School of Hard Knocks, Lesson #1: Stay on the Horse
Amanda’s heading back to school!
My journey into polo started back in March when I attended the Beginner’s Clinic at the Houston Polo Club. Then I had the amazing opportunity to check out high-goal polo in Wellington. So now I’m taking the plunge and attending a full 8-week polo school.
Polo school kicked off right where my beginner’s clinic ended. Barlee took us through our paces on the flat and we got a chance to hit some balls in the hitting cage with Mark.
The second day was a rainout, but that gave us the opportunity to learn the basic rules of the game. As a person who has never played a team sport, learning strategy is probably the most daunting element of the school. Horsemanship is important, but so is the ability to have “situational awareness.” I’m going to have to learn to predict my opponents’ as well as teammates’ every move. There are dozens of amazing tutorials on PoloSkilz, but I love this one by Major Hugh Dawnay. #brony
On the third day we were refreshed on our two-point position, stopping a horse and emergency procedures for a runaway steed. Mark also checked that our heels were down and toes in. In polo, correct body position has the very real-world application of keeping you on the horse when people run into you. One by one, Mark gripped our right hands and attempted to pull us out of the saddle, critiquing our form if we budged even a centimeter.
The one thing I noticed with my particular horse was that he preferred very little contact from the reins. It reminded me more of western riding, with more looseness in the reins and almost all of my communication going through my seat and legs. With the gag bit being the most popular style bit in polo, though, that makes sense.
Once we felt comfortable, we began the more complicated work of actually handling the mallet. Mark had us lean over holding the mallet head flush with the ground from the stop, walk and trot to gain an understanding of our distance to the ball. To get an idea on how to hold a mallet correctly, check out this fantastic video my instructor Mark Prinsloo made for PoloSkilz.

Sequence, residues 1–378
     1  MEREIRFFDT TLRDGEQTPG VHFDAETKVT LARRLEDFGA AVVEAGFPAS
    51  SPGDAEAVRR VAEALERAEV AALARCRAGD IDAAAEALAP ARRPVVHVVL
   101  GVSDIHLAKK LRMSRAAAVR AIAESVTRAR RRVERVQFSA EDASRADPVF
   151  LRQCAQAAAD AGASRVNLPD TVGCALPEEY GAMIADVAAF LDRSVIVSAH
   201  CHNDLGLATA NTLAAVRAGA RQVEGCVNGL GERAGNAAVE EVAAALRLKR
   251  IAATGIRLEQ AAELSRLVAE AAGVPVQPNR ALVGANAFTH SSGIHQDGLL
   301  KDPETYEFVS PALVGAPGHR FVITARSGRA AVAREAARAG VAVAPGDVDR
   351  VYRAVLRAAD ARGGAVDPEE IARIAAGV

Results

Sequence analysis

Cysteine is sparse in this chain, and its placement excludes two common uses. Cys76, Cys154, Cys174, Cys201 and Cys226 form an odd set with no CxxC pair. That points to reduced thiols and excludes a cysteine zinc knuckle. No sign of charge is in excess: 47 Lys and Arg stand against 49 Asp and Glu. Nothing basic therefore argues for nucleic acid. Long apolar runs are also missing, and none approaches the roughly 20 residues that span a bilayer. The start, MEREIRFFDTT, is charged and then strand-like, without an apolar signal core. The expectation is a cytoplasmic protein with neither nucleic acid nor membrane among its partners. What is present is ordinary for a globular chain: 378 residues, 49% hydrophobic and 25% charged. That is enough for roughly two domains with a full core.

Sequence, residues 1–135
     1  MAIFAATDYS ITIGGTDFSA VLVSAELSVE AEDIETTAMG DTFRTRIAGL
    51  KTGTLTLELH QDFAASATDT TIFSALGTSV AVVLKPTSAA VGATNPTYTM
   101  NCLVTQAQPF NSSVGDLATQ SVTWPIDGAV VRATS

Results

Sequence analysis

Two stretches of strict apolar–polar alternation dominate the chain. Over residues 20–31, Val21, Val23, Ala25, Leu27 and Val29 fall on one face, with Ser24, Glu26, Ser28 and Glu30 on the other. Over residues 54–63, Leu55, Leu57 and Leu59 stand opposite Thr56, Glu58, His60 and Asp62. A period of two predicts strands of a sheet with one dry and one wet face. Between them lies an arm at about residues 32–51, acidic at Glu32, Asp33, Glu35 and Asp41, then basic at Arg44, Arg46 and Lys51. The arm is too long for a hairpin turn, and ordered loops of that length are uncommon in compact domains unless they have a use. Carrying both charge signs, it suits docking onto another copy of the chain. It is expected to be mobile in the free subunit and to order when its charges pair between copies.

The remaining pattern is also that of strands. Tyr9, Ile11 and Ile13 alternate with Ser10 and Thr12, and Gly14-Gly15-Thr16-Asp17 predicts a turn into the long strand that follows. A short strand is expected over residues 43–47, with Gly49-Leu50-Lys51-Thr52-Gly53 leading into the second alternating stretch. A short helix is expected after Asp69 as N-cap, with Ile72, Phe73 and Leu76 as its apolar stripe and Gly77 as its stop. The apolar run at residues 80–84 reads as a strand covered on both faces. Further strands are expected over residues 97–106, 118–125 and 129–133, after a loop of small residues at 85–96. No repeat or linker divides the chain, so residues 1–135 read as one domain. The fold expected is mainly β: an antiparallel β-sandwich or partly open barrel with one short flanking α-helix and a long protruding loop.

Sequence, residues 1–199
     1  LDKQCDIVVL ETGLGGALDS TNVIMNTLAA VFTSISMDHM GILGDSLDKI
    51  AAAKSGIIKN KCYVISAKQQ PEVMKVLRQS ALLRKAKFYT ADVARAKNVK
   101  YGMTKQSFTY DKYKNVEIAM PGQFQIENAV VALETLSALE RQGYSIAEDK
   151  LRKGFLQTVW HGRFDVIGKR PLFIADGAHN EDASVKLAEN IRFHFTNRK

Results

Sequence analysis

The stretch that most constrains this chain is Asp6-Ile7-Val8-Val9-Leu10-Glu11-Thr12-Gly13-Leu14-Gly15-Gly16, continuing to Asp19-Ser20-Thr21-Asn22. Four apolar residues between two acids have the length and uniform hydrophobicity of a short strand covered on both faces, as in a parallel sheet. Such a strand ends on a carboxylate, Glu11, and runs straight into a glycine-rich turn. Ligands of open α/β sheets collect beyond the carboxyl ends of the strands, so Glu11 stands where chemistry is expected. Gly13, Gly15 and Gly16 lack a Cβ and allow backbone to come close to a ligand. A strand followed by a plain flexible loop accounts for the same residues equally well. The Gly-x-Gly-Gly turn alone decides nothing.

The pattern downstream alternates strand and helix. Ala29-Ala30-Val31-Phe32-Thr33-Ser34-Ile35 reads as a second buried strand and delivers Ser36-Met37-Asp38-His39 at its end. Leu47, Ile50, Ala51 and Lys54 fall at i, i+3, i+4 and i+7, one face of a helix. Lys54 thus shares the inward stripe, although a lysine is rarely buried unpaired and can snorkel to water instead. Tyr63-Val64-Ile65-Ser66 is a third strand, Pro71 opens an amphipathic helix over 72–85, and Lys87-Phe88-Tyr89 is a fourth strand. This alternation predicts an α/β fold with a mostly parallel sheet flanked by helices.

As we circled in two-point, bent at the waist and carrying a mallet, I began to understand the physical requirements of the sport. After just a few laps my right arm, unaccustomed to the weight, began to tire and while I’m used to working in a two-point position, I’m not familiar with being slightly twisted to the right. As I write this the morning after, my right calf and left oblique are sore. It will take hundreds of hours to gain proper muscle memory, no doubt.
Next, we began doing a half swing from the stop, walk and trot. Check out another video to learn about all the basic swings:
It was around this time that I truly began to admire my leased polo pony. While I was busy swinging a mallet, targeting an imaginary ball and trying to stay balanced, Max just trotted on without a care in the world. He has a light mouth and sensitive steering via my seat and legs, so it was easy for me to maneuver around other riders. #ILoveMax
Participants then were paired up and asked to play a relay game of hitting the ball with a half swing from one set of goal posts to another. Ideally you want to strike the ball exactly where the shaft meets the head, but that’s easier said than done. With slow, often sideways, progress, my partner and I made it down the field and back. By the end of the session, I was able to tap the ball forward at a slow trot. Even though my arm felt like it was about to fall off, I was completely happy and ready for more.
Have you ever wanted to try the sport of kings? Shout out in the comments section!
All of these videos and many more can be found at Polo Skilz. You are required to plug in your name and email, but there is no ‘registration’ required. All the videos are free to watch and many could be applied to other disciplines beyond polo.
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